I know very little about your manager Bryan Price? What do Reds fans think of him? What are his strengths and weaknesses?

Bryan Price was a pitching coach for a long time, who got an opportunity to manage and is finally taking it. His strengths definitely lie with handling pitchers, and we’re finally starting to see more of that this year with some unorthodox but effective approaches. Even though it’s his 4th year in charge of the team, the former GM Walt Jocketty had a lot of say in how the team was managed on the field, and it prevented us from seeing Price’s strategy put into practice.

My only complaint about the guy is that he bunts too much. (Tom: I can understand that one).

Your closer, Raisel Iglesias has a 0.68. Is he really that good? What does he throw?

Raisel is very good! It’s helped that the Reds have went with a committee system for most of the year, so there’s been less pressure on one guy as the “closer”. The Reds’ bullpen has been an interesting experiment, where Price hasn’t been afraid to use any pitcher for multiple innings, and even will bring his better relievers in the early innings if the situation dictates it. Iglesias has been the star there, though.

Unlike most power relievers, Raisel has a huge repertoire since he’s a converted starter. He throws a 4-seam fastball that sits around 96-97, and throws a sinker (mostly to left-handed hitters). His main out pitch is a devastating slider, which is what produces most of his swings and misses, and he has a decent changeup that he mixes in as well.

I’ve been following Jesse Winkler raise through the minors….when is he going to claim a major league job? Is there any other prospect who might have an impact on this season?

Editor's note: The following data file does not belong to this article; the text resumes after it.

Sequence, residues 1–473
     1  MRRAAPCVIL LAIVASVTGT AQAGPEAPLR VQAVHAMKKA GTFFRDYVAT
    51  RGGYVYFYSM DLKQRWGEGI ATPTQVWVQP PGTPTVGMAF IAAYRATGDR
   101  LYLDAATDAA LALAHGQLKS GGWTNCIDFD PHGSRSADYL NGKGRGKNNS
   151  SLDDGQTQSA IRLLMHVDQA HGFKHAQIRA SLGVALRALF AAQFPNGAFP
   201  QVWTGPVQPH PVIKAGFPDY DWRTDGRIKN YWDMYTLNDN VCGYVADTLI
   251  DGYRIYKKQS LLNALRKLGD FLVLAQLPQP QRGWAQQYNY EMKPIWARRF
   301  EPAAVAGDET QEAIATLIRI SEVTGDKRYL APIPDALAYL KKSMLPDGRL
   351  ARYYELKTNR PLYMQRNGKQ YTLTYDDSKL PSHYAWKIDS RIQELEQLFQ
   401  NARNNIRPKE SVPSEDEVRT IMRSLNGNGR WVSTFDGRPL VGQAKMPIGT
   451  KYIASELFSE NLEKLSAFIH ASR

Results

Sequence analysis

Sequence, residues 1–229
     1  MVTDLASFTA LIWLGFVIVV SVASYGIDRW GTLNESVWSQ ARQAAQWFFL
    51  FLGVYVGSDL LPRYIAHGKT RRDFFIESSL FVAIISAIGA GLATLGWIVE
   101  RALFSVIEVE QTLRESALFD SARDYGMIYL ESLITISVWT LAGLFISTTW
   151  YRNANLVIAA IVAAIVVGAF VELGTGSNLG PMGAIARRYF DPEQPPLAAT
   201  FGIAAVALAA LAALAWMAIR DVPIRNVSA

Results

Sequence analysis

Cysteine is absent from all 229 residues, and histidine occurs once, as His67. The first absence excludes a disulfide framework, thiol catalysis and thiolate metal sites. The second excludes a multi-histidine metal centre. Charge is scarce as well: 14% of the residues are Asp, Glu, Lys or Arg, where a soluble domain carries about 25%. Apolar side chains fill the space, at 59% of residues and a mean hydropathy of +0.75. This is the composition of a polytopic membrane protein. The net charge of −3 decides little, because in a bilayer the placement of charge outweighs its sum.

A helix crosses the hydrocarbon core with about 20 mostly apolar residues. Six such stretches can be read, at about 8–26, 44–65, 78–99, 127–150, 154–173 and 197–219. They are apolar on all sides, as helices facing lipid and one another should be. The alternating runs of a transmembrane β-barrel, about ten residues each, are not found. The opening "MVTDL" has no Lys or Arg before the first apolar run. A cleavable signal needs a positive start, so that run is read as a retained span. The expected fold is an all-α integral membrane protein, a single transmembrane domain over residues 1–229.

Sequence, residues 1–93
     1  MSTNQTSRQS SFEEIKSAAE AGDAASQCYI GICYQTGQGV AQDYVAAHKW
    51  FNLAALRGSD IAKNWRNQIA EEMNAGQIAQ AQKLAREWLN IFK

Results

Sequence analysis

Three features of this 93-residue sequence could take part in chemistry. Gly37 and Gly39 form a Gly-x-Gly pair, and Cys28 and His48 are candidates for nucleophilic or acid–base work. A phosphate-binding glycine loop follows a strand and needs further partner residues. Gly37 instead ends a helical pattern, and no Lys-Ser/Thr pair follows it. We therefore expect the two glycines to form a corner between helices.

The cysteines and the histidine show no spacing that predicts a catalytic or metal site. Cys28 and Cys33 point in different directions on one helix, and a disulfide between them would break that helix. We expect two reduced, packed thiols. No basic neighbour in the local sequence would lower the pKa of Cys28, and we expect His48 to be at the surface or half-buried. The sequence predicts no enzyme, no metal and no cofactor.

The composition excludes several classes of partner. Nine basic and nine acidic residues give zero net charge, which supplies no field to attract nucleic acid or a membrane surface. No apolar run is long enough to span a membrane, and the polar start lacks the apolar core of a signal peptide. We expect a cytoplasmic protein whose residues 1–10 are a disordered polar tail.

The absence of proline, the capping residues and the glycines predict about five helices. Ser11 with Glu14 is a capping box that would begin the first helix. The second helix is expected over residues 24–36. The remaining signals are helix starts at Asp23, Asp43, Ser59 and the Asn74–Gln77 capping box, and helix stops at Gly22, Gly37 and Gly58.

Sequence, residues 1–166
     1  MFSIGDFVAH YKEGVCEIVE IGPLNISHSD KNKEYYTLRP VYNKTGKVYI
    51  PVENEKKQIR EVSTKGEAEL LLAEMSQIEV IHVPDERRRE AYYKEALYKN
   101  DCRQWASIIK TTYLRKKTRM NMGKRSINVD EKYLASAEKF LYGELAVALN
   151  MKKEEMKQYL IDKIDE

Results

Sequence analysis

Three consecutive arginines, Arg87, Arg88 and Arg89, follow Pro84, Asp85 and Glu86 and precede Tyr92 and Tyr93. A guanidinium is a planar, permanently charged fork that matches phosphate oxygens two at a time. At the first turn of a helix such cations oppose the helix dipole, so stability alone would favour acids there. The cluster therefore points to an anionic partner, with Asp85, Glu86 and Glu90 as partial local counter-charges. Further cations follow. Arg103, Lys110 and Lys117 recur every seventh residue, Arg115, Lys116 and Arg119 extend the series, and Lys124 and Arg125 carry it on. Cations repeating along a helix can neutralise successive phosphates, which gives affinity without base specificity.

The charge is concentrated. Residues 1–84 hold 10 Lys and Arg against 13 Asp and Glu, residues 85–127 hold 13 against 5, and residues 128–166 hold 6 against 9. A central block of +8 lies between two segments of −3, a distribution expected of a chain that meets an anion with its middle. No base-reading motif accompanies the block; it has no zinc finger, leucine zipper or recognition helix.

Jesse Winker’s a really intriguing guy, and I still kind of have no idea what the Reds will do with him. He’s in his second year at AAA and hitting just like everyone expects him to, but there really isn’t room for him in the Reds outfield right now with Adam Duvall and Scott Schebler hitting the way they are. I think most Reds fans kind of assumed that Winker would take one of those spots by now, but there hasn’t been a spot for him to take. He’s hitting well enough in the minors, though, that we’ll see him at some point this season in a semi-regular role.

As for other prospects, the Reds have already had a ton of pitchers come up, including their most prized guys in Amir Garrett, Sal Romano, Cody Reed, and Robert Stephenson. I think we’ll likely see Dilson Herrera at some point, who’s the main guy they got when they traded Jay Bruce, but other than that, the only guy on the radar would be last year’s 2nd overall pick in Nick Senzel, who’s still in A-ball. I can definitely see them getting aggressive with a promotion there, though.

I always ask NL bloggers: Do you prefer pitchers batting or DHes? Why?

Personally, I go back and forth. Sometimes, pitchers can actually hit and help their own cause by getting an unexpected hit, and I’d hate to see that go away. On the other hand, watching pitchers sacrifice bunt 2-3 times a game is excruciating and hurts the product. So to me, I wouldn’t mind seeing it change either way as long as both leagues can have the same rules